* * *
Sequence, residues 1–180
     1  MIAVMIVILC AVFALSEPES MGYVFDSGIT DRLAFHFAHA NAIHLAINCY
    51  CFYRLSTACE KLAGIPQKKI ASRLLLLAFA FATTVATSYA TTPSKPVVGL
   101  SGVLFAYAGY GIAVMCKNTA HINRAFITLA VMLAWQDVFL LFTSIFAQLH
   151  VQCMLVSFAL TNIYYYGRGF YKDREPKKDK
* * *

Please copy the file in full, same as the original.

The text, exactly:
Sequence, residues 1–180
     1  MIAVMIVILC AVFALSEPES MGYVFDSGIT DRLAFHFAHA NAIHLAINCY
    51  CFYRLSTACE KLAGIPQKKI ASRLLLLAFA FATTVATSYA TTPSKPVVGL
   101  SGVLFAYAGY GIAVMCKNTA HINRAFITLA VMLAWQDVFL LFTSIFAQLH
   151  VQCMLVSFAL TNIYYYGRGF YKDREPKKDK